The suit filed on behalf of William Pojunis by the Nevada Policy Research Institute targeted state Sen. Mo Denis, D-Las Vegas, who works as a computer technician for the Public Utilities Commission when the Legislature is not in session. Nevada lawmakers convene for 120 days in odd-numbered years.
Pojunis, 66, is an unemployed computer technician. His lawsuit argued that Denis’ employment with the PUC violates his own constitutional rights because it prevents him from seeking Denis’ job. The suit also names the PUC and state of Nevada as defendants.
Denis was elected to the Assembly in 2004 and served in that chamber until his election to the Senate in 2010. During the 2011 session, he was assistant majority whip.
Reached by telephone, Denis told The Associated Press he had no immediate comment on the lawsuit because he had not been served yet and had not read it. He was at a hospital awaiting the birth of a grandchild.
Joseph Becker, chief legal officer for NPRI’s Center for Justice and Constitutional Litigation, said the scope of the case goes beyond Denis and has implications for other lawmakers employed by state or local governments.
Of the 63 legislators in the Assembly and Senate, Becker estimated 20 percent — lawmakers who either work for the state, a local government or school district — could be affected if the courts ultimately rule in NPRI’s favor.
“Allowing one person to exercise power in two branches of government leads to numerous conflicts of interests and invites corruption,” Becker said. “It also destroys the checks and balances that were built into Nevada’s government to protect citizens from power-hungry politicians.”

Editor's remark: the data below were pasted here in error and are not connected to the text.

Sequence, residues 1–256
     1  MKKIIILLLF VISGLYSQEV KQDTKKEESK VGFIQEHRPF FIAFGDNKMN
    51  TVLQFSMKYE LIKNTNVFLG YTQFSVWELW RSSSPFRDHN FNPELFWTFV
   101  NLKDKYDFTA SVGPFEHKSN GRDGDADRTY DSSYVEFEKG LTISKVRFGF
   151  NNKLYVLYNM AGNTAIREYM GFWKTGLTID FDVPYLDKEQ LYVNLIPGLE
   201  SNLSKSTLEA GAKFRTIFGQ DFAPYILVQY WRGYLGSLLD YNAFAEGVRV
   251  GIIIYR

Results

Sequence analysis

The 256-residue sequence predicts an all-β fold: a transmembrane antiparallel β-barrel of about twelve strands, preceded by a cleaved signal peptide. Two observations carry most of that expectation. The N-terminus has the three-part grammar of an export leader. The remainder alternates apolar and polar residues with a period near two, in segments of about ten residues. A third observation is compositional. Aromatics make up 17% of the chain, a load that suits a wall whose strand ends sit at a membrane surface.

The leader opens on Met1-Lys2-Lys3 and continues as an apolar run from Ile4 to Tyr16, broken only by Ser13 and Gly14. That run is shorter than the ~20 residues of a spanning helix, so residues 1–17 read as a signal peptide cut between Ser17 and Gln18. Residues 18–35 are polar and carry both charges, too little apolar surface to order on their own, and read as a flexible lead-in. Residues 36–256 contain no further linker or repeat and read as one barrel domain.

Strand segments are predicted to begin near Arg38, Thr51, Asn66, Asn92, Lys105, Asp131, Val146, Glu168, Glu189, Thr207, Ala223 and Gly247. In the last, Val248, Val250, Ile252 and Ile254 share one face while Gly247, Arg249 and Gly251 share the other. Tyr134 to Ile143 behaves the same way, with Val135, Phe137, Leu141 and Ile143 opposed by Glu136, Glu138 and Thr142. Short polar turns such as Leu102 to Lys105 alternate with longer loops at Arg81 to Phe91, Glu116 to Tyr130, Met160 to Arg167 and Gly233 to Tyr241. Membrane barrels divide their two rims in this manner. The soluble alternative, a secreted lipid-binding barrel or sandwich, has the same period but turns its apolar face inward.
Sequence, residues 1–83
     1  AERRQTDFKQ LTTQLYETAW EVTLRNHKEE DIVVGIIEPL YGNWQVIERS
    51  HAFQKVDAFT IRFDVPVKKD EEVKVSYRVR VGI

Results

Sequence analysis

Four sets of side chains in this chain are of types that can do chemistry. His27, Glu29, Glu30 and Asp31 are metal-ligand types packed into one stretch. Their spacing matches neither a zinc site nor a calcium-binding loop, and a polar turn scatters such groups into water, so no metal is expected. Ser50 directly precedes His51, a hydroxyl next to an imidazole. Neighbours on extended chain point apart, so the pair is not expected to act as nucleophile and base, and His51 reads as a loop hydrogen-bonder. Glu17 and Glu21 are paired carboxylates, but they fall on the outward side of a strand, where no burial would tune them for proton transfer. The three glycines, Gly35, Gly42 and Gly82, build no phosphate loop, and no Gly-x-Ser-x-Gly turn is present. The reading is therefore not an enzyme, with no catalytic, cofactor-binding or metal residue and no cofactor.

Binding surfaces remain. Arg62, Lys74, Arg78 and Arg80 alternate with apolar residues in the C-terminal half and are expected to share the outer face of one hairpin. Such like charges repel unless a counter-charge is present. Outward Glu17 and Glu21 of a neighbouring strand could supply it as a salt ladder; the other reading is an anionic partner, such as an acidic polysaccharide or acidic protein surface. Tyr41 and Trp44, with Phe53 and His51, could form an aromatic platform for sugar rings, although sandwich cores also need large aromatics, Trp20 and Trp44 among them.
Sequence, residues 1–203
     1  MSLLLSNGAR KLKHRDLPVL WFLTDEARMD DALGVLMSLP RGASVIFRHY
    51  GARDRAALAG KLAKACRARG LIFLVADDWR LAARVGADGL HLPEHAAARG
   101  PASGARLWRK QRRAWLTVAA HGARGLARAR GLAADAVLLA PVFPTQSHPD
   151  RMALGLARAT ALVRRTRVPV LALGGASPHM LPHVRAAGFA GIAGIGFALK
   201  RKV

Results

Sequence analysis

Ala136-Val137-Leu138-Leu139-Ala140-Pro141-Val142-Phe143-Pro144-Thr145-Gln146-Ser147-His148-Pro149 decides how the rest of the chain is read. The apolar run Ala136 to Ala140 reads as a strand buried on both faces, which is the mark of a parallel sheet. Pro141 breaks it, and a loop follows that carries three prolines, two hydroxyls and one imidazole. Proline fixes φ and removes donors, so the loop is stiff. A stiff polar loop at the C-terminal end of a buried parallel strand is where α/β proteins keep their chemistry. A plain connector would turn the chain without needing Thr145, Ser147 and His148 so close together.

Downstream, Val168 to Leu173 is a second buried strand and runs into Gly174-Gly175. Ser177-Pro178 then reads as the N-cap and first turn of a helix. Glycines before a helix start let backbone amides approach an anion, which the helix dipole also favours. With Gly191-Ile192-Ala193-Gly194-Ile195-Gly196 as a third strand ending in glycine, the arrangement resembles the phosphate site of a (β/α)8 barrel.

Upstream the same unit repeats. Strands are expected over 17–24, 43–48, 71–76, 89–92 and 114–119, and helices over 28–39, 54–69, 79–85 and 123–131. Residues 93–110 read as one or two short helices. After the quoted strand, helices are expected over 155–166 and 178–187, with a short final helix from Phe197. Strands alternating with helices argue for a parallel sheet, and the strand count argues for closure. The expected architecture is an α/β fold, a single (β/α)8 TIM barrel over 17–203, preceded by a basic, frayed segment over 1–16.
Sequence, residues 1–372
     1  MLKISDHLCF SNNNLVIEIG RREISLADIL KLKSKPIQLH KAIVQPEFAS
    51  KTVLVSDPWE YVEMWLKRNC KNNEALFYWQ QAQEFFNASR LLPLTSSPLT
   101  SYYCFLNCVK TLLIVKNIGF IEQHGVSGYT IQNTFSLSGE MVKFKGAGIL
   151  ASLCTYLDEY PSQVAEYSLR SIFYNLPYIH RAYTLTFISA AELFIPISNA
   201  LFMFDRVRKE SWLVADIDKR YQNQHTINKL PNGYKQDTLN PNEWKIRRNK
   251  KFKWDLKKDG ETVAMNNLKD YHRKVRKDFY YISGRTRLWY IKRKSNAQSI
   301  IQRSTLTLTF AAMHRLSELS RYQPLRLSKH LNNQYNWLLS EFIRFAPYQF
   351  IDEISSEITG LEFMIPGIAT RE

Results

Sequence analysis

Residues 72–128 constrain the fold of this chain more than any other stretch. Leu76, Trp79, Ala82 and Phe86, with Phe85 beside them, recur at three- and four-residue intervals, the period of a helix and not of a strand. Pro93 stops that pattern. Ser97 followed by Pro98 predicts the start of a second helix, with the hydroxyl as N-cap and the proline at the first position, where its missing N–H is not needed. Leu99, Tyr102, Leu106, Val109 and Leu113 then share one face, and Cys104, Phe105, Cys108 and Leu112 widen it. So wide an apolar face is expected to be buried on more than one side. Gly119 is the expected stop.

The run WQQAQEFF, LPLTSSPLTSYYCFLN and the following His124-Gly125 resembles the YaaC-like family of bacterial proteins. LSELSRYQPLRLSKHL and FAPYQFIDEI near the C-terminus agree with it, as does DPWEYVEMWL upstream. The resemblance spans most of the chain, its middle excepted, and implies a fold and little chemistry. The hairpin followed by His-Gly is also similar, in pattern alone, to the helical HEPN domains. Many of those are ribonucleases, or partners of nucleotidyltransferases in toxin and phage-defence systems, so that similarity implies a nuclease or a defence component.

Becker also noted an attorney general’s opinion sought in 2004 by then-Secretary of State Dean Heller, now a Republican U.S. senator. That opinion, written by former Attorney General Brian Sandoval, Nevada’s current governor, concluded that the state Constitution “bars any employee from service in the executive branch of government and simultaneously serving as a member of the Nevada State Legislature.”
It made a distinction, though, for local government workers serving in the Legislature, saying the constitutional requirement of separation of powers is not applicable in those instances.
Many public employee lawmakers such as school teachers take a leave of absence when the Legislature is in session. But Becker said that does not negate potential conflicts because lawmakers could be called into session at any time. They also serve on interim committees between sessions.